For the tension to be optimal, you can insert a screw through the side of the plantation shutter panel into the edge of one louver, or more simply use a split nylon pin from the louver into the side. This way the tension stays the same through the range of motion and it does not require adjusting with time. Once the louvers are positioned and in place, they can be connected to the tilt bar with a staple system. To each louver staple corresponds a bar staple, so that the crown staples interlock and work in synchrony closing and opening all louvers with a simple tilt bar move.

This method have the tilt bar to connect every louver with staples that are glued and inserted into the wood, but it is also possible to carve a groove in the back of the tilt bar and insert a metal strip with hooks that engage the louver staples. This is an easy and industrial method that is less effective because the hooks often disengage from the staples or the metal strip comes out of the tilt bar. This "hooking" step is critical, if done properly all of the louvers will work simultaneously and effectively.

The plantation shutter frame is bolted into the wall but should be built on a flat surface first for comfort and ease of construction. Needless to say, measurements should be extra accurate to make sure it will fit into the wall once is finished. To make sure you get the frame fitting well around the shutter panels, attach the hinges to the outer sides of the shutter panels, then slot them into the flat positioned outer frame. Insert spacer all around in the form of 1/8-inch strips of hardboard to ensure even spacing and fitting around the shutters.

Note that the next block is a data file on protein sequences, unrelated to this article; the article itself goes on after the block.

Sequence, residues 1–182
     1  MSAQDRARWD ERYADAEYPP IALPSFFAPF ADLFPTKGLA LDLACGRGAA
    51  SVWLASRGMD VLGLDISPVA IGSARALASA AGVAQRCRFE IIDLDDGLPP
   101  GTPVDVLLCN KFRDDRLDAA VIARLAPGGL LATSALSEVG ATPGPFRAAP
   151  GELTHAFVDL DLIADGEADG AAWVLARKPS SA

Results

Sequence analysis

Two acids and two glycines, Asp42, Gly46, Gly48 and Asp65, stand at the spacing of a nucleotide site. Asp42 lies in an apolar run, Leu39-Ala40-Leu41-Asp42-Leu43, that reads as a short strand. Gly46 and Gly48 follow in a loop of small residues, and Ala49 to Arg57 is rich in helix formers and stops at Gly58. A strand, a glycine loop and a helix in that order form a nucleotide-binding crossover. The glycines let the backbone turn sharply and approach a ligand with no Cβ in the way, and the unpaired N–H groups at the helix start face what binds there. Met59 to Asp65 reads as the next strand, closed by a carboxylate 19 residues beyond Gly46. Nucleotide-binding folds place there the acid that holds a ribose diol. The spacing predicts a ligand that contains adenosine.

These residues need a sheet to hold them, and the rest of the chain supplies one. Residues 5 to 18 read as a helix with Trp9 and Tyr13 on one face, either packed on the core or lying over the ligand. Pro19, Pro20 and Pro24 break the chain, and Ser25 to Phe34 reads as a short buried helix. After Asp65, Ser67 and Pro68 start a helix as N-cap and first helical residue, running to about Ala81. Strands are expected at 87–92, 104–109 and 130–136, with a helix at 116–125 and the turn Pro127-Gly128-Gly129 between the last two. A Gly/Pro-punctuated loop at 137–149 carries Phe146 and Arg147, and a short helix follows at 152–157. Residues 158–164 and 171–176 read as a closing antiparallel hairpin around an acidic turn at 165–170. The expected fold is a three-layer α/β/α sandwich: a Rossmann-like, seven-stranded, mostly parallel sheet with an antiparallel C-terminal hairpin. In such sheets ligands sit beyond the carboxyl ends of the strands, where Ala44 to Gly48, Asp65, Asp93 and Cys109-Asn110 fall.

Screw 2 inch screws through the miters, mark the shutter hinge positions and then carefully remove the shutters. It's time for positioning now. Insert the frame into the window, drive 3 inch screws into the frame and through the wall, then hinge the shutters. You may need to trim the shutters to ensure proper fitting and lastly you can attach the magnetic catches to keep the folding shutters closed.

Last but not least, the shutters can be stained with a suitable wood paint, either gloss or opaque. For interiors you may use a polyurethane extra shiny gloss, but for shutters facing outdoor, a resin based wood stain is preferable as it offers extra durability against UVA, rain and rot.